GREENFIELD — Local mosquitoes have tested positive for West Nile virus.
Data from the Indiana State Department of Health show Hancock County has joined nearly 20 other Indiana counties in having batches of mosquitoes carrying the disease.
The virus is transmitted to humans through bites and can cause flu-like symptoms. Most people will show no symptoms if they become infected, but the illness is especially dangerous to young children and senior citizens, and health experts said local residents should take precautions.
In central Indiana, Shelby, Hamilton, Marion and Morgan counties all have mosquitoes that have tested positive.
The same data show no human cases have been confirmed in the Hoosier state so far, but Bryan Price, senior vector-borne epidemiologist for the state health department, said officials said it’s only a matter of time before people are infected.
The presence of the virus in mosquitoes is not unusual. It was first found in the United States more than 15 years ago and has been in Hancock County for more than 10 years.
The virus exists in a cycle between birds and mosquitoes, Price said. Every spring, that cycle begins again and is found in people around the end of July and beginning of August, he said.
“West Nile virus has been in Indiana since 2002, and it’s not going anywhere. We’re stuck with it,” he said.
About 75 percent of people who are infected with West Nile show no symptoms, according the federal Centers for Disease Control and Prevention. About one in five people will develop symptoms, and most recover completely, though fatigue and weakness might last for weeks.
Fewer than 1 percent of people who are infected will develop encephalitis or meningitis — swelling of the brain or its surrounding tissues.
In humans, symptoms generally appear between three and 15 days after a bite. They include high fever, severe headache, neck stiffness, muscle weakness, paralysis, nausea, vomiting, sore joints and confusion.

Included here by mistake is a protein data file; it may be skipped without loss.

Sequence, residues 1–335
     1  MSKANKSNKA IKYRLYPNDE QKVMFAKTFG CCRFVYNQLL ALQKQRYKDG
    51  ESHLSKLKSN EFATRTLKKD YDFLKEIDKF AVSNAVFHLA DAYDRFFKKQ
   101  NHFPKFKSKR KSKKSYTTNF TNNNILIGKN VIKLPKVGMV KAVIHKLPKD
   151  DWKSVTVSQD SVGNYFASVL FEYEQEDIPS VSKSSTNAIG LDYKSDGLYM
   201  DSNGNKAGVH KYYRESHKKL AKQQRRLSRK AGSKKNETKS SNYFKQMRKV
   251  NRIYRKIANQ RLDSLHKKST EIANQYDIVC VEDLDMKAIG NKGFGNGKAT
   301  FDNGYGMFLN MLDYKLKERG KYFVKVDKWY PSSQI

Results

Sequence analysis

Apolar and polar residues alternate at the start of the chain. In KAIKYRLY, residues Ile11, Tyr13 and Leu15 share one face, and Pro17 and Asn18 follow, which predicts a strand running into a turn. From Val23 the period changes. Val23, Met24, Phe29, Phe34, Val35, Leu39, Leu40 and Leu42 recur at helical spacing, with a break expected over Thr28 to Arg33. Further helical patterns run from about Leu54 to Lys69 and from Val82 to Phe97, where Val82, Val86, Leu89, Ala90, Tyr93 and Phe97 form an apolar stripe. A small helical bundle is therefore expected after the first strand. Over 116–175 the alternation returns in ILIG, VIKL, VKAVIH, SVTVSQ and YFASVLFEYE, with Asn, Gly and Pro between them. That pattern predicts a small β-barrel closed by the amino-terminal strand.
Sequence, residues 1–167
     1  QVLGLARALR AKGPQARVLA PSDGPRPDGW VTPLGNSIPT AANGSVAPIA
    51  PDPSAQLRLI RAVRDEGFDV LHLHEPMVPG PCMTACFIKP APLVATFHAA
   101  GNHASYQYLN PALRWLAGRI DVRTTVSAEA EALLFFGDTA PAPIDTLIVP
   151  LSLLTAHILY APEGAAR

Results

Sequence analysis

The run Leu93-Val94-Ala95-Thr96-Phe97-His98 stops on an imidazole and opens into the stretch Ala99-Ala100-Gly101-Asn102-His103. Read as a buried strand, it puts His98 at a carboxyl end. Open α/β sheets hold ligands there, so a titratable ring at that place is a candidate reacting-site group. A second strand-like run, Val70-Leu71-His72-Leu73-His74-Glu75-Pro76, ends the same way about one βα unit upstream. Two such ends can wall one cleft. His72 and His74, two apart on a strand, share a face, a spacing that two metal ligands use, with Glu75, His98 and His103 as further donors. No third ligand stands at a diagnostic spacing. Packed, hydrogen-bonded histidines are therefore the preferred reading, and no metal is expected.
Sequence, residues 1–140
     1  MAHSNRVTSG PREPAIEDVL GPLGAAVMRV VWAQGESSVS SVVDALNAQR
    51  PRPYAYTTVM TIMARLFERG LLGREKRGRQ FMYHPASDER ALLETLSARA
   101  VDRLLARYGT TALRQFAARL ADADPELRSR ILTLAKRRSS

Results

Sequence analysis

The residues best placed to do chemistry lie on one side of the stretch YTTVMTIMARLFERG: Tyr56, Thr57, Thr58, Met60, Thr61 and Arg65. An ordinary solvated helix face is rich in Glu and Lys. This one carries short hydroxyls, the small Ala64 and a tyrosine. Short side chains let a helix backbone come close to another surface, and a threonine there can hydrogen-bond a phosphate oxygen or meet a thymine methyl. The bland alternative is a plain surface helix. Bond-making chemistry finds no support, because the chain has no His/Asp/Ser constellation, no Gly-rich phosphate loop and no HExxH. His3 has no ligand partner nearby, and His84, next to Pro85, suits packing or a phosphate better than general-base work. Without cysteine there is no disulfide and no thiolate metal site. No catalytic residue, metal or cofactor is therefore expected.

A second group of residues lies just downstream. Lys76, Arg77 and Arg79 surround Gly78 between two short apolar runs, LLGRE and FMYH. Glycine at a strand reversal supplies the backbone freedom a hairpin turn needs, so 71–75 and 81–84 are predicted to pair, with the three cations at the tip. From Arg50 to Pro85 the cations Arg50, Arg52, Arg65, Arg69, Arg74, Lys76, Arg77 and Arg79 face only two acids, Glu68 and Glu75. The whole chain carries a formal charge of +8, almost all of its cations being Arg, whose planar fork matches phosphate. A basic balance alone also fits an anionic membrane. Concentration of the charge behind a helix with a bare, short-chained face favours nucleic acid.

Anyone living in an area where West Nile virus is present in mosquitoes can become ill from the disease, according to the CDC. Those who spend a lot of time outdoors are more susceptible because of greater exposure to mosquitoes.
In Hancock County, at least two batches of mosquitoes tested had positive results. Marion County has had at least seven batches test positive, and Hamilton County has had six, while Shelby County has had three.
There is no vaccine to prevent the disease, and there are no medications to treat it.
Greenfield Street Commissioner Tyler Rankins said city crews have fogged the entire city once in an effort to prevent mosquitoes. Crews are about halfway through a second go-round.
Mosquitoes breed in pools of water. Unfortunately, the summer has been extremely rainy — the greater Indianapolis area has received nearly 22 inches of rain since June 1, Rankins said.
“The mosquitoes have been so bad, we can’t really get a handle on them,” he said.
There’s no way to prevent the spread of the virus among the mosquito population, Price said.
Fogging helps, but there’s no way to kill every mosquito, he said.
Residents can protect themselves and their families from the disease by avoiding the outdoors around dawn and dusk when mosquitoes are most active, Price said.
Removing standing water from properties will help residents protect their families. Small pools, ponds, dog dishes and birdbaths with standing water create the perfect breeding ground for mosquitoes, he said.
Using insect repellant with DEET also is helpful in preventing bites.
A person experiencing symptoms consistent with West Nile virus should visit a doctor for further care, according to the CDC.